Then, there was a building of the Archives whose restoration had been finished earlier and which had two paintings changed; that was easy to accept, as well as the fact that the Genetic Art Institute had exhibited one of its successful creation at a different date.

      That left only the Time Police building and its sign, both altered… But, Dear God! Why did the Time Police still exist? Why did the Central Chronotravelling Agency still exist, even under another name? Why so, when Ovici had died before showing his invention to anyone capable of understanding and applying it? Why so, when the manuscript and the prototype of the chronomobile were in my bag, witch followed me like a faithful dog, faultlessly detecting the specific smell of my body and refusing to open unless it recognized my touch? Why so, when my chronomobile, the only one saved from nonexistence, had just been decomposed in its constituent elements that were already waiting to be recycled?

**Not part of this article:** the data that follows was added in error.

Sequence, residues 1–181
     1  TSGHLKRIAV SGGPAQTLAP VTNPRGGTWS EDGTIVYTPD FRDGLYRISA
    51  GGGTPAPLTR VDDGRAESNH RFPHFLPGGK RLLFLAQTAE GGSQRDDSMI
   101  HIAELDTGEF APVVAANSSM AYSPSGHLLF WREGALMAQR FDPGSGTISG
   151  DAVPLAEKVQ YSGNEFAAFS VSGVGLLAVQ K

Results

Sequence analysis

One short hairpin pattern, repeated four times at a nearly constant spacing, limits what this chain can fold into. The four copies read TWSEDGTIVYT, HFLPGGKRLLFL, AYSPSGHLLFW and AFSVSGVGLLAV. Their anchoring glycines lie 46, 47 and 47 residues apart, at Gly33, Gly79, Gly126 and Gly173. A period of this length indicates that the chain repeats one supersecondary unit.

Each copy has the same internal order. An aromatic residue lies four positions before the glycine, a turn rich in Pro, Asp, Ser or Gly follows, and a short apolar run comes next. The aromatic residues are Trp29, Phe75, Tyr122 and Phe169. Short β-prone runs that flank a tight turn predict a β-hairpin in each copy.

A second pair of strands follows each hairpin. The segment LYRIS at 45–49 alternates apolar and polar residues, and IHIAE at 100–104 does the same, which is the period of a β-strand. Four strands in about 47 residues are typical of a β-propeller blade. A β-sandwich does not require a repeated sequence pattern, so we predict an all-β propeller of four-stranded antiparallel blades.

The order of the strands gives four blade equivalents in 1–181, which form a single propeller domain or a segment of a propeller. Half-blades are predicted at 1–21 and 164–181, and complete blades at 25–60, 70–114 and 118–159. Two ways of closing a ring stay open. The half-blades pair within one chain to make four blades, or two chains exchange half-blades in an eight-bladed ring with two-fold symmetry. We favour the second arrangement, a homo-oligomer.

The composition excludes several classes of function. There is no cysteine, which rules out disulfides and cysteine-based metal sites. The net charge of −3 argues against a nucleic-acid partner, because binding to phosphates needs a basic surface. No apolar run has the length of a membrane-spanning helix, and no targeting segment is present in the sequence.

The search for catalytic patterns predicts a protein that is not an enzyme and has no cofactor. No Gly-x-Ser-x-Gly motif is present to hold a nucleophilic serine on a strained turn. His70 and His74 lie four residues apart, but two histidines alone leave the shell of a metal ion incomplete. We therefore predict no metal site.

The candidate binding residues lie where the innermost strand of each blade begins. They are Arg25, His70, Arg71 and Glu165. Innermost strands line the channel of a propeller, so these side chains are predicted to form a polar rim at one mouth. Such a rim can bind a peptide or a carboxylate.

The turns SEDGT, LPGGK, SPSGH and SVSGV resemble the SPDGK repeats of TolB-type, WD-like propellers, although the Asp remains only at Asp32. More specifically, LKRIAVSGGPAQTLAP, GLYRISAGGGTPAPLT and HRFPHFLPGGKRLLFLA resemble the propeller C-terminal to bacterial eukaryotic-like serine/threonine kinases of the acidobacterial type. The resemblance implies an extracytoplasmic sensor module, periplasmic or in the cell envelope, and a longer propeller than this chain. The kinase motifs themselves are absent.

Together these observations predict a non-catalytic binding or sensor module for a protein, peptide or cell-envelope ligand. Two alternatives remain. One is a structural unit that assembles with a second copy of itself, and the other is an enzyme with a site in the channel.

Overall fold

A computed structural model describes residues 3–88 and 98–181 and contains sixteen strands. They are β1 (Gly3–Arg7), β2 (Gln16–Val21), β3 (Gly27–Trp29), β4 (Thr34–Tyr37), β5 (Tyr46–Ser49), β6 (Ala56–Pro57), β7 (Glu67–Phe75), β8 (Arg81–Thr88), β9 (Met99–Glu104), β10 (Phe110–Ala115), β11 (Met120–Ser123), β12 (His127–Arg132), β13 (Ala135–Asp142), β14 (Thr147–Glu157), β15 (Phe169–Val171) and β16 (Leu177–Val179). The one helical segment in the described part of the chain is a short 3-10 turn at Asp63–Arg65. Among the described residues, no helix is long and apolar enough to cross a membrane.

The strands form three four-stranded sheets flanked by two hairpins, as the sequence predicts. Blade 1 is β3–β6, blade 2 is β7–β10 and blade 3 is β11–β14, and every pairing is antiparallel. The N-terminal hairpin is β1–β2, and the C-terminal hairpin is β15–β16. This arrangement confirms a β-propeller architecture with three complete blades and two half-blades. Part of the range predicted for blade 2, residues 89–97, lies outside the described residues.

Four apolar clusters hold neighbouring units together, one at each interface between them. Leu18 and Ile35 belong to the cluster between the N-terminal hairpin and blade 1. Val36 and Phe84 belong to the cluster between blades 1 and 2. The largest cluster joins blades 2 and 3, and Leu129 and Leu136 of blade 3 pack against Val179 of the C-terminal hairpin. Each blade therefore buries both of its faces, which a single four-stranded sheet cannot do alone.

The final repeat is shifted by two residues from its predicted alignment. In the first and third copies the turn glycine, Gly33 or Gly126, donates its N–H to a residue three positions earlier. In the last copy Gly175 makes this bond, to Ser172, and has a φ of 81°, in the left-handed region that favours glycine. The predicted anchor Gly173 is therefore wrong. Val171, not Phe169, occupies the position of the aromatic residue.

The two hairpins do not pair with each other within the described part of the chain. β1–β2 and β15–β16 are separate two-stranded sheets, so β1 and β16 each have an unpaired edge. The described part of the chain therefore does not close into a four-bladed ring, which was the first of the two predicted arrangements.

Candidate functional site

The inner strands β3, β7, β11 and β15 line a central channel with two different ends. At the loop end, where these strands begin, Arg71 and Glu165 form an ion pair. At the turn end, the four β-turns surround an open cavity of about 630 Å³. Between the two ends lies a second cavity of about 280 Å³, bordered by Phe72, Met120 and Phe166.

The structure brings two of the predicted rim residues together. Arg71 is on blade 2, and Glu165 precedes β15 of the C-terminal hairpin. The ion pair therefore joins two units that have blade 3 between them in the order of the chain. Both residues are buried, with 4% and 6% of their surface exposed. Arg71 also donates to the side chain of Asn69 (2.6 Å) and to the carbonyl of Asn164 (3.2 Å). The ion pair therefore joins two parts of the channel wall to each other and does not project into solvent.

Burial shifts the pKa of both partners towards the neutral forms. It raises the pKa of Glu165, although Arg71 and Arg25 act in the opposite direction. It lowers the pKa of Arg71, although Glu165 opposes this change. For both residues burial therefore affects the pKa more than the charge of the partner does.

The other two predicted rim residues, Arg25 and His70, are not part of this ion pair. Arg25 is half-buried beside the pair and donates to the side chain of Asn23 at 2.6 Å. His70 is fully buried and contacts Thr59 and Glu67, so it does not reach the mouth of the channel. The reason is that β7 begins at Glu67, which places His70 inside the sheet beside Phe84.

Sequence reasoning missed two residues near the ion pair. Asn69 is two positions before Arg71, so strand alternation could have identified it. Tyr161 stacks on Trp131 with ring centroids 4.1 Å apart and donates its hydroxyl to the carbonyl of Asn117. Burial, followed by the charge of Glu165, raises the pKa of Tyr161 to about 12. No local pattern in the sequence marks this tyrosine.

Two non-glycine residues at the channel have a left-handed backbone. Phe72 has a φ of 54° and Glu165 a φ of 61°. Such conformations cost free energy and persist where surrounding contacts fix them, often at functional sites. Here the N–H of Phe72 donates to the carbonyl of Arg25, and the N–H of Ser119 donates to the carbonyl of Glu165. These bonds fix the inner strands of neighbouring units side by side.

Did the Time Police exist only so that I could have someone to report to, and hand over the manuscript and the prototype? And hadn’t it existed, what would I have been supposed to do, what would I have been entitled to do, what would have been my duty regarding the contents of that damned bag?

      I felt like lying down and crying, as I had done after having broken my first cyberdoll. I felt like crying and begging help of the uncaring passers-by who filled the Ovici Boulevard (I assumed the name had changed) where, from time to time, a huge hologram of the famous inventor appeared.